Well, Ken. Ya got another 2% in 2 days for waiting. Much more to come, imo. Just sit tight on the flippers as I am doing. Slow, lazy lemmings haven't had their realization moment yet.
The cited blurb continues,
"The $23.50 valuation - implying 36% return potential when including the dividend - is a conservative one, says MLV, noting the use of the lower of two property portfolio valuation metrics, and the further discounting of that by 15%. Also, MLV has only given credit for NRF's ownership stake in current portfolios, and nothing for the likely ability to boost the size of these."
Different methodology. Looks like they read my posts last week. But, they are faster than the other analysts who have not yet spoken about last week's info. Lazy. Waiting for the spoon in presentation slides.
10-Q has been filed.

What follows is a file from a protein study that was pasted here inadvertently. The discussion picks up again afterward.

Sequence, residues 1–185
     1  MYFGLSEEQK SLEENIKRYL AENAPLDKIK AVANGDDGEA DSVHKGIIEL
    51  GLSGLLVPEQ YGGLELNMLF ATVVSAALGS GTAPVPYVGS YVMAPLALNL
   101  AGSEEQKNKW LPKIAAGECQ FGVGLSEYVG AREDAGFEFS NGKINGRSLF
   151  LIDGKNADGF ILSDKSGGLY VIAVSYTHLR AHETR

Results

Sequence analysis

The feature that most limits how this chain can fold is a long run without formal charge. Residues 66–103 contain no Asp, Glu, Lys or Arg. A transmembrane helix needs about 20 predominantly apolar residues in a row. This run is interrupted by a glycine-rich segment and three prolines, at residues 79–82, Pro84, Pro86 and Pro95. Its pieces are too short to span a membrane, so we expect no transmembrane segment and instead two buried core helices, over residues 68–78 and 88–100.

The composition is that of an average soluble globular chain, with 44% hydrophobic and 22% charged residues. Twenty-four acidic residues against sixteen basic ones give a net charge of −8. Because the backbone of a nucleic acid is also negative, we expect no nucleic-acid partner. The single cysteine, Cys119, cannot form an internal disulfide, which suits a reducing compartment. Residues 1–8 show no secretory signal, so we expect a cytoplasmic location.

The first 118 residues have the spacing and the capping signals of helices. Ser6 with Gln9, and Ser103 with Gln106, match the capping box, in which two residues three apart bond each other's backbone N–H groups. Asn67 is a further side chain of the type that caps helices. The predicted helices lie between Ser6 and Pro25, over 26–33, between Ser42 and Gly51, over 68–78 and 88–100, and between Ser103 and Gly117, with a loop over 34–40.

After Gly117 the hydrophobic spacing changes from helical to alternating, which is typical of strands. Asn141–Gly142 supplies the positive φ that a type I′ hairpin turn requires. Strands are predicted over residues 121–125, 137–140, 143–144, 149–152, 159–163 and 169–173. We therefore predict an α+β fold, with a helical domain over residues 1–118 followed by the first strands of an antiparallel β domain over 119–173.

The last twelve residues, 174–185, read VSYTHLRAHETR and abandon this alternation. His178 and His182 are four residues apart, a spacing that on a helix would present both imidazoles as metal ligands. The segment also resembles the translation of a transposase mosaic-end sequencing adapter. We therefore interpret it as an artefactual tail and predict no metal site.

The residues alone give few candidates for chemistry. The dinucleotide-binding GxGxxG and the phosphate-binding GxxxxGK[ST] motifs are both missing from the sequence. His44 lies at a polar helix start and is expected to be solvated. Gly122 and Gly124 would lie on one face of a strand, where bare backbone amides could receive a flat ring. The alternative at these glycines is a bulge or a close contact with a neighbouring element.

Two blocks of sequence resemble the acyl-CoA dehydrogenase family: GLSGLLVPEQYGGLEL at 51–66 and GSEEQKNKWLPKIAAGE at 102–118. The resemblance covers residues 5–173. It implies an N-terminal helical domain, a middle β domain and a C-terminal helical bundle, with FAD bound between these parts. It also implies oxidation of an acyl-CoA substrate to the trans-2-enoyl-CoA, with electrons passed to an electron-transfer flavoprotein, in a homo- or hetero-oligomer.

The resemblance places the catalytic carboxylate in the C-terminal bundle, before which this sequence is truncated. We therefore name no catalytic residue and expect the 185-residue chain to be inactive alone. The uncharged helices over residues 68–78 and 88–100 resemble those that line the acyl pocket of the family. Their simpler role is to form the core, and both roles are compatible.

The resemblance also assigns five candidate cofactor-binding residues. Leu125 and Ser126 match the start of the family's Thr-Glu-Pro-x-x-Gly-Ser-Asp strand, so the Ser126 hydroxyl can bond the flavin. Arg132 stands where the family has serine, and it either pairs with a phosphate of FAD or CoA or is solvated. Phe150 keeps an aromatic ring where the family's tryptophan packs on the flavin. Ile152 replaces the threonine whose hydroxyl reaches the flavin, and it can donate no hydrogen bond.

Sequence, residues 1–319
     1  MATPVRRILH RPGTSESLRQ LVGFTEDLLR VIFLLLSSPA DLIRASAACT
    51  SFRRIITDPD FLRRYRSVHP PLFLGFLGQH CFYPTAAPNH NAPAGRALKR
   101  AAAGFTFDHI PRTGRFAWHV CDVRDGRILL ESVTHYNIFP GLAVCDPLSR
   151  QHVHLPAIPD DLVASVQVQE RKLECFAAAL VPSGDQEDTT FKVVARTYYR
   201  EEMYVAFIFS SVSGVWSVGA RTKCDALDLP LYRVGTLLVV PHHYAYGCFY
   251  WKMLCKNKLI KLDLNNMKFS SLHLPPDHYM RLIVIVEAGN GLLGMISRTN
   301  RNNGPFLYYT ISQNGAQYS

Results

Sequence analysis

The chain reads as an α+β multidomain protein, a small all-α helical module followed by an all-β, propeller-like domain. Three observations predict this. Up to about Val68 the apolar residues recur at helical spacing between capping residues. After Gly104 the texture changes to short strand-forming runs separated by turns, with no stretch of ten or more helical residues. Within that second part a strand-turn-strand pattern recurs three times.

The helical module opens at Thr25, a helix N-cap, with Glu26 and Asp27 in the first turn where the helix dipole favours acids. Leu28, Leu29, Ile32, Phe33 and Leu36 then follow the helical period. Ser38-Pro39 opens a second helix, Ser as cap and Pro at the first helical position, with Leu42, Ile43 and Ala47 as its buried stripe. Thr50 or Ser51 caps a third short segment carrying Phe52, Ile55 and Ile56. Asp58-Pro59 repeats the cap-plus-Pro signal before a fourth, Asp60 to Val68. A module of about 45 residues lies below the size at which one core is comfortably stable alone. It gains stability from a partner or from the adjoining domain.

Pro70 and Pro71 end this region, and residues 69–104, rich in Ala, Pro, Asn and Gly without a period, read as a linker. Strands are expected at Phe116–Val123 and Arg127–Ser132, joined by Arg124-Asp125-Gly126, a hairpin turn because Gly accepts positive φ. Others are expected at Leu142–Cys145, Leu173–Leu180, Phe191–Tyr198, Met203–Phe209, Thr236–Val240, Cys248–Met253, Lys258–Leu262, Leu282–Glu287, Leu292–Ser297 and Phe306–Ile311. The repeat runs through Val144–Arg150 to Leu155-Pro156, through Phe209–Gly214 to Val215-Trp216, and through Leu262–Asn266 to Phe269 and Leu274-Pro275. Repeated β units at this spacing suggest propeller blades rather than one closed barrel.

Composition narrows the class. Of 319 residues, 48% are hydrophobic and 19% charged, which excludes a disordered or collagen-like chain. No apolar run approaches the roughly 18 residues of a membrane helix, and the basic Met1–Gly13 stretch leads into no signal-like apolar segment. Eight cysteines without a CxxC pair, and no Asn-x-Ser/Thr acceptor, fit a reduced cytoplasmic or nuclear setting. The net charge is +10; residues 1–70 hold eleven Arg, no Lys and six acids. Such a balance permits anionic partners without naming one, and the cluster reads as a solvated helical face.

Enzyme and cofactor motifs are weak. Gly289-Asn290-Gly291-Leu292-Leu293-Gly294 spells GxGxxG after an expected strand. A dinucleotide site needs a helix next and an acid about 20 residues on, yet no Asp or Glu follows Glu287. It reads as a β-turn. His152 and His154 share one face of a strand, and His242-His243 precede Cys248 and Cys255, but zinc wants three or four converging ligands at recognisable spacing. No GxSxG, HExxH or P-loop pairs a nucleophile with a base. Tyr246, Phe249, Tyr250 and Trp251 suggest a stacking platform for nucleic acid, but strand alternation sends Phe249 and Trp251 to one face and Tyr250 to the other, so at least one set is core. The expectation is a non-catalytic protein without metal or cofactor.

3Q buyback was 10.149 million shares costing 323.4 million, a weighted average cost per share of 31.87.
Combine this with Larrea's purchase and something is highly likely:
They know something is coming which makes these big purchases now very profitable in the not too distant future. Grupo is known for its over-reaching greed (in my opinion). It's on display now.
S&P announced yesterday it is creating Real Estate as a new sector in its indexes effective around Aug 2016.
The S&P 500 now has 10 sectors. Real Estate makes 11.
Within the sector, there are industry groups.....Equity Real Estate and Real Estate Management & Development.
Members of this new sector and industry will be announced later, but well before Aug 2016.
It would be a helluva boost to be added to this new sector. Size matters here, an argument against splitting up the equity assets. Adds an argument for spinning off mortgage business. Gives both time to bulk up.